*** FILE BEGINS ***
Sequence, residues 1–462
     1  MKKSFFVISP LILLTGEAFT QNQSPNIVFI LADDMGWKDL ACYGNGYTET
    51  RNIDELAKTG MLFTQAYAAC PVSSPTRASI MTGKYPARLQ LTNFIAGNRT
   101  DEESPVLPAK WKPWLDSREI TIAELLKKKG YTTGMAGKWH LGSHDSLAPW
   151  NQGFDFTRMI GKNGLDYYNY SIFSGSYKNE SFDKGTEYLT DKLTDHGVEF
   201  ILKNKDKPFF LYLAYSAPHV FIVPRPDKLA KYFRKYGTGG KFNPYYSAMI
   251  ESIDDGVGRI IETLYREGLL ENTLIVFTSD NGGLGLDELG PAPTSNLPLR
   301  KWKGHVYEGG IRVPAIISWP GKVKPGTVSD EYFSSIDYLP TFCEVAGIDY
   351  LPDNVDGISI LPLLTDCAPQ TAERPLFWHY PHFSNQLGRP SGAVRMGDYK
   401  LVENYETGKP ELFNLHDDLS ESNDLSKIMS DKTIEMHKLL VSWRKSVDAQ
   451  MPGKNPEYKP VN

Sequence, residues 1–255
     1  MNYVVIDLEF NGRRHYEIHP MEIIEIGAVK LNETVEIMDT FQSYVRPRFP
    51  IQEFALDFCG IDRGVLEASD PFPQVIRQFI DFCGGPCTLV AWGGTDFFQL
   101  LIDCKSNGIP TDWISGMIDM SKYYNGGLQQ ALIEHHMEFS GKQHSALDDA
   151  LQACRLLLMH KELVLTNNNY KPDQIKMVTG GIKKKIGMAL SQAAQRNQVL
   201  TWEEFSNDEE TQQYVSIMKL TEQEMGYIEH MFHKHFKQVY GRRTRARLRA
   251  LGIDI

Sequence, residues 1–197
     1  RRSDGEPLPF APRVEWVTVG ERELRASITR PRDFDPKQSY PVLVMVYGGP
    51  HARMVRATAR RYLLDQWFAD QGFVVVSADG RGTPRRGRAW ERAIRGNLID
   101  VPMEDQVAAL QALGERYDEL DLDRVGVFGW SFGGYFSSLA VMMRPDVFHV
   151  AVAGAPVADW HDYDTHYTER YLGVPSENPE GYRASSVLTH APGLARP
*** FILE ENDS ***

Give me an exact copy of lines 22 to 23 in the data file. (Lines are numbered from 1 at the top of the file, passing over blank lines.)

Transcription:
   101  VPMEDQVAAL QALGERYDEL DLDRVGVFGW SFGGYFSSLA VMMRPDVFHV
   151  AVAGAPVADW HDYDTHYTER YLGVPSENPE GYRASSVLTH APGLARP